Pakistan, which has been making repeated unsuccessful efforts to flag Jammu and Kashmir at various international forums, today made a pitch at the UN Human Rights Council. The global body, it said, should investigate the situation in Jammu and Kashmir.
Pointing to the arrest of political leaders and the restrictions in Jammu and Kashmir, Pakistan minister Shah Mehmood Qureshi had also hinted at the consequences of such measures in a "nuclearised" Southeast Asia. India will address the meet at 5.45 pm and then both sides get time later in the evening for rebuttals.
The Indian delegation today is being led by Ajay Bisaria, the High Commissioner expelled by Pakistan as part of a five-point plan to downgrade ties with India, and Vijay Thakur Singh, Secretary East, who will be addressing the gathering.
The face-off between New Delhi and Islamabad is fallout of Pakistan's relentless campaign against the Centre's move to scrap the special status of Jammu and Kashmir and bifurcate the state into two union territories.
Pakistan wrote to the United Nations last month, flagging what it called "massive violations of International Human Rights Law" in Jammu and Kashmir. India said the letter was "not worth the paper it was written on".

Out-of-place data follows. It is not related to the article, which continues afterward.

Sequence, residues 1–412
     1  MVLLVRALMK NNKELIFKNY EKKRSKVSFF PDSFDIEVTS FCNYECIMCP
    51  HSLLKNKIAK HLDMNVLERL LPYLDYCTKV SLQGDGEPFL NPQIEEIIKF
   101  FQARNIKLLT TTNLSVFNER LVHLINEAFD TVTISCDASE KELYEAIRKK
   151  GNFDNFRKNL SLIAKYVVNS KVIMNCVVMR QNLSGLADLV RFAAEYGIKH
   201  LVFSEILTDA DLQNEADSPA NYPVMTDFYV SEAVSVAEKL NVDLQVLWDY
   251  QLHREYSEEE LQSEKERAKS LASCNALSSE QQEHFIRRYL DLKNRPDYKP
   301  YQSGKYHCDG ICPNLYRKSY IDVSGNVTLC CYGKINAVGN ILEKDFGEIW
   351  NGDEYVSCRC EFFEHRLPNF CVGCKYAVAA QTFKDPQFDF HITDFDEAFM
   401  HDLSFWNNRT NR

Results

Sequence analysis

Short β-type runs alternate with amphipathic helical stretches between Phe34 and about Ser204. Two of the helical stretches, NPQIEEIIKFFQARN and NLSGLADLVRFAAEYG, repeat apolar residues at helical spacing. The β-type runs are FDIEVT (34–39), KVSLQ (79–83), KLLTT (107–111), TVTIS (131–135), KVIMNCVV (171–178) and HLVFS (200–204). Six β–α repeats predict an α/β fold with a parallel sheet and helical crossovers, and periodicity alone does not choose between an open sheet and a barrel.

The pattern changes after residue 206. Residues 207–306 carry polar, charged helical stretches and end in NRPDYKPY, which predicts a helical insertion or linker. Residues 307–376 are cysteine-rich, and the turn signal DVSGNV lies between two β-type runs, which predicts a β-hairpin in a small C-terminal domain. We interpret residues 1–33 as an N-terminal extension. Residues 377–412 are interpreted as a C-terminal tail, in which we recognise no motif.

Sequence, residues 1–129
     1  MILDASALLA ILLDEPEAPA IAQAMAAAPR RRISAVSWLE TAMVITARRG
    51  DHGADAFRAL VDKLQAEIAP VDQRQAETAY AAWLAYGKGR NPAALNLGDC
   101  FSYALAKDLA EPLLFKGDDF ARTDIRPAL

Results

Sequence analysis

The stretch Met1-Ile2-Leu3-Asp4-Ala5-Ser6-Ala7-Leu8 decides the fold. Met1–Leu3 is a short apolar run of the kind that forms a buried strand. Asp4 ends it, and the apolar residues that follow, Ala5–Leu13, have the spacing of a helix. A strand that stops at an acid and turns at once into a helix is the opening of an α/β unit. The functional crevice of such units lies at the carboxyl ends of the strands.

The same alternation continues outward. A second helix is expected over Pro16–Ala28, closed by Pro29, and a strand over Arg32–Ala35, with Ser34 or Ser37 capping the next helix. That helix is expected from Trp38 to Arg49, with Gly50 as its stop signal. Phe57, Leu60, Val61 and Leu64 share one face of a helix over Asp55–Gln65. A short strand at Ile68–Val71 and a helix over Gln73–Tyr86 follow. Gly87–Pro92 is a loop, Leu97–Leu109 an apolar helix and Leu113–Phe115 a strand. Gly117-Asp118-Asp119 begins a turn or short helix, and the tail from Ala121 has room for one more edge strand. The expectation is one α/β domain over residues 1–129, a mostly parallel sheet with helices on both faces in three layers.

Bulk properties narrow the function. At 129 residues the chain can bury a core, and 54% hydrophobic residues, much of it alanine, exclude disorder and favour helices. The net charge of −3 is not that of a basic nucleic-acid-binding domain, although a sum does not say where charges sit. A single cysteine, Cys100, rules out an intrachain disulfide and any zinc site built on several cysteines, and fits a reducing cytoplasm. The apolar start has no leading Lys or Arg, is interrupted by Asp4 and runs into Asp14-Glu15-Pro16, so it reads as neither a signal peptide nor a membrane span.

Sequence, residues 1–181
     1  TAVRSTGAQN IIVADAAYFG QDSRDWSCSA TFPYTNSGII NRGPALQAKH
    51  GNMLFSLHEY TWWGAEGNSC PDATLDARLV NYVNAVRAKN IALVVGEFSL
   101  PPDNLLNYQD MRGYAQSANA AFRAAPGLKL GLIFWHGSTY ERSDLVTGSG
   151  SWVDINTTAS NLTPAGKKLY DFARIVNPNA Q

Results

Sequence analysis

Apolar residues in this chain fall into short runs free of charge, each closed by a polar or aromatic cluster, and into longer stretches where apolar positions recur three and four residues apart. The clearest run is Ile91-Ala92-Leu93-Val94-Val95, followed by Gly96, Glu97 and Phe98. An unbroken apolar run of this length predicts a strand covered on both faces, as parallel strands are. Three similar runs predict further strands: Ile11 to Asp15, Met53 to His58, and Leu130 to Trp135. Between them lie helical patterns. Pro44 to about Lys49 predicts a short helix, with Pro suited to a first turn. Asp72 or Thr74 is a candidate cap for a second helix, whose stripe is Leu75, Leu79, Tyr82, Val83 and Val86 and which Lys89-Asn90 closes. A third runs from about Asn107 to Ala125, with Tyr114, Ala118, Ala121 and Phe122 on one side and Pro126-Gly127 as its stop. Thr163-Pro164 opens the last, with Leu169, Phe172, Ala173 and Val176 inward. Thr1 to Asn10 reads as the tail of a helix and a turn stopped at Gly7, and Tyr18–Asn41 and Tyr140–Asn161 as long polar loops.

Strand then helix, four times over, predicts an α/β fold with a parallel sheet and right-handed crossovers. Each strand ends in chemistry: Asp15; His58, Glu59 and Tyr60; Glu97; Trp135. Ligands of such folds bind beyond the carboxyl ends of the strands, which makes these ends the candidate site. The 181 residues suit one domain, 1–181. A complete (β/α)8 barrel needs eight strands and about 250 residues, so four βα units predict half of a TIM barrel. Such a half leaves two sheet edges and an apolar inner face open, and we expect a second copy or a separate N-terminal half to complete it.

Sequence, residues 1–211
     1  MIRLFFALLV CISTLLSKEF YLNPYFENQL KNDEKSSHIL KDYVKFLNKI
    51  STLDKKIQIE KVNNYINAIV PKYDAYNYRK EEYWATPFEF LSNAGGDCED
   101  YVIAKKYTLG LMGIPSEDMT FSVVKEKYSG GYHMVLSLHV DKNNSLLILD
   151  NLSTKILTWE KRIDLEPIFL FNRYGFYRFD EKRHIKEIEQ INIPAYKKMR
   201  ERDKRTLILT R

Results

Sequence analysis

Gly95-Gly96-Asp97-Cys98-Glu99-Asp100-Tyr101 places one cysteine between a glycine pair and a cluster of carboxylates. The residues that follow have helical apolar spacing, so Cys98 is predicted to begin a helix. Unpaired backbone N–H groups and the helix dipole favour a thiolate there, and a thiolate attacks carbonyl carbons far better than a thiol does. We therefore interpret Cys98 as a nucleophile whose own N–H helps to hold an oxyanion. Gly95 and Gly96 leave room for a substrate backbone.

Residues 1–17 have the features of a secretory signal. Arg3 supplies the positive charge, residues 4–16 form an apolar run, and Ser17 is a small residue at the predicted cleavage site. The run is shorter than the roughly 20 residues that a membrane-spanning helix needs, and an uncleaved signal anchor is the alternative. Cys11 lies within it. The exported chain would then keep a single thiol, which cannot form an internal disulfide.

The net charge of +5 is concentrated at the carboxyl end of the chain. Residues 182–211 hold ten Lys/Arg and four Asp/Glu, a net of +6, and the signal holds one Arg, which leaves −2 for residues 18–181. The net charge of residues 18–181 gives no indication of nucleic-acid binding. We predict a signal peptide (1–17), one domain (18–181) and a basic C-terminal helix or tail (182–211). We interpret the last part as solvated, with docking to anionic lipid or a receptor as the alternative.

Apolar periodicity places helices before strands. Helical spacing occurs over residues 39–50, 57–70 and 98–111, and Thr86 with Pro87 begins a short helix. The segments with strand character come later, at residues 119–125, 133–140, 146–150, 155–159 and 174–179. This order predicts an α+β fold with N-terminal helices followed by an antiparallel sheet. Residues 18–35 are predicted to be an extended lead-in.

Last month, Islamabad's efforts to gather support among the permanent members of the UN Security Council fell flat. At the closed-door meeting, the participating nations -- barring Pakistan's all-weather China -- had sided with India, agreeing that the changes in Jammu and Kashmir were an internal matter.
India has also rejected the remarks of Pakistan and its all-weather ally China on Kashmir, where they contended that Kashmir is a "dispute left from history" and the issue should be "peacefully resolved based on the UN Charter, relevant UN Security Council resolutions and bilateral agreements".